FeaturesEscarda’s Grillhaus

Escarda’s Grillhaus

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The first time I ate at Escarda’s Grillhaus was with a friend named, Thommy Yong, also an avid foodie. It was, I think, back in 2010.

We were about to attend a Sponge Cola concert at ACSAT. Back then, concerts were ‘a thing’ in Dumaguete, and rock bands were the trend.

My cousin Ejay and I went ahead to ACSAT from Bantayan with a fare of P15 each paid to the pedicab driver for a “double ride”.

Before going inside the campus for the concert, we decided we needed something to eat to have energy for the screams, chants, jumping, and group singing.

From the entrance to ACSAT, what anyone  could see across V. Locsin Road was a huge crowd. We got curious.

Fat dripping from the pork tocino onto the hot coals, filling the air with a “smokey” barbecue aroma. Causing a bit of a pure haze along the road that motorists would have to slow down to avoid hitting anyone queueing almost on the road. (Good-luck to asthmatics  like me.)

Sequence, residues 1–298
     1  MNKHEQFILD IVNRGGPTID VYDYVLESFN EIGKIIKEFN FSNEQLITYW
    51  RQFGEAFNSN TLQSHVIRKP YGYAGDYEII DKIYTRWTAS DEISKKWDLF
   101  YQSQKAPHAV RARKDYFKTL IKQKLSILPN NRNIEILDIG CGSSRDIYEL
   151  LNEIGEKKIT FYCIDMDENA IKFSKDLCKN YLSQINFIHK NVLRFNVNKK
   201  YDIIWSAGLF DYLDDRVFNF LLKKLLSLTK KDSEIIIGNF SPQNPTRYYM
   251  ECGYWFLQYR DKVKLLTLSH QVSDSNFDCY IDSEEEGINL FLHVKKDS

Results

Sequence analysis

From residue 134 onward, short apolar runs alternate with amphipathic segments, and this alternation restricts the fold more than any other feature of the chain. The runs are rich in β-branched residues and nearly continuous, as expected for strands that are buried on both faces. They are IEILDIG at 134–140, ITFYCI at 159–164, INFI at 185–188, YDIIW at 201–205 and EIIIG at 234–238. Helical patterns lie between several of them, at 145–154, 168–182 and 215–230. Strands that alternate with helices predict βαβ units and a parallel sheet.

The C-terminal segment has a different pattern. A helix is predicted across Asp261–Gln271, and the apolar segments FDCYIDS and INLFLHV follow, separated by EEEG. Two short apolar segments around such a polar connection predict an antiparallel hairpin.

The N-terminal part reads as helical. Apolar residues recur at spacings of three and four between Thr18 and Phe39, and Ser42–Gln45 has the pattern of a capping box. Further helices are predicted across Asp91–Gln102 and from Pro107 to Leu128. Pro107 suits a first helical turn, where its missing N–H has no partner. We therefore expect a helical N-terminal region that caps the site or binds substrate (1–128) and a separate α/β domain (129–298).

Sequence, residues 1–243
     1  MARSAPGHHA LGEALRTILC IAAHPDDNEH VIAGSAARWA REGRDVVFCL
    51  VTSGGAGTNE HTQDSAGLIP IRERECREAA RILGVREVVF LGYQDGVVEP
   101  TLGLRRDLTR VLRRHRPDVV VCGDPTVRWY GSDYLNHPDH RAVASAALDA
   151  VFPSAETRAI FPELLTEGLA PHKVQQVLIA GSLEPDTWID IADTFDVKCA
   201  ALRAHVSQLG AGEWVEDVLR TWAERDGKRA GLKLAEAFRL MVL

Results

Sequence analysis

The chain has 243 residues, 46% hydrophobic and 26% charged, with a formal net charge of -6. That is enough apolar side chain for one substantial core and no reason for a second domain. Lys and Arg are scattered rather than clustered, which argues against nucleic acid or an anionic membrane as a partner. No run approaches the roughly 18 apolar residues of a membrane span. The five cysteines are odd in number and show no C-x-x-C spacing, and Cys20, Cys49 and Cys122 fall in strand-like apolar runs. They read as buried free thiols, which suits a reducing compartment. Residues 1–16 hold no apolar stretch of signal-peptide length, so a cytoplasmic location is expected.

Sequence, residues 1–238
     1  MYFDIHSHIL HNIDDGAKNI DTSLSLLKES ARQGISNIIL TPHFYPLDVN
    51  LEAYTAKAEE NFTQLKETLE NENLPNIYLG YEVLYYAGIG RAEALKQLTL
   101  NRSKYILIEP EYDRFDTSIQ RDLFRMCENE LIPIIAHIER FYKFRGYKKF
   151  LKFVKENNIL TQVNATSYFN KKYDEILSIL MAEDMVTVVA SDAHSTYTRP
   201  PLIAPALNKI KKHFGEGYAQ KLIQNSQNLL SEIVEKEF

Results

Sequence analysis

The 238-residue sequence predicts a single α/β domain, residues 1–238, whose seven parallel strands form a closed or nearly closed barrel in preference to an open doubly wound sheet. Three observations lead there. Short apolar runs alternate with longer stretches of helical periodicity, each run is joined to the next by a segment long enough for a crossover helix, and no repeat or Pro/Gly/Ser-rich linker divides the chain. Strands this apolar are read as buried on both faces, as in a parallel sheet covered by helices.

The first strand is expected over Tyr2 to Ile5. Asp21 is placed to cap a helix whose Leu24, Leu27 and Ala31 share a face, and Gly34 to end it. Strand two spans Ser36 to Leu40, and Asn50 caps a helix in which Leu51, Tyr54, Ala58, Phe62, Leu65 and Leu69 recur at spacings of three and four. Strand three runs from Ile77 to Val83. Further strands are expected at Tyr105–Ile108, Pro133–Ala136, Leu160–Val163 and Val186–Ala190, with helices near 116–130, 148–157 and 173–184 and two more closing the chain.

The grill stand had a long queue. I remember back then, Dumagueteños seemed to enjoy joining long lines. (Now, arte na kaayo ang uban.)

Then just as quickly, it was our turn! They took our orders almost systematically. (Mind you, the guy who took our orders 14 years ago is still the same one who takes the orders to this day! Wow. The family business must have worked out so well for them!)

I ordered heaps: three pieces puso (“hanging rice” inside a woven pouch of palm leaves), two sticks of chorizo, four sticks of tambok sa baboy (just the pork fat), four sticks of isaw (barbecued chicken intestines), one huge grilled hotdog, two pieces of atay (pork liver), and extra sauce. Yep, that was all for me. (I know. I know. I used to be reckless!)

To this day, I couldn’t understand what was so special about that eatery where one couldn’t even clearly see eye-to-eye with your friends while eating because of all that smoke.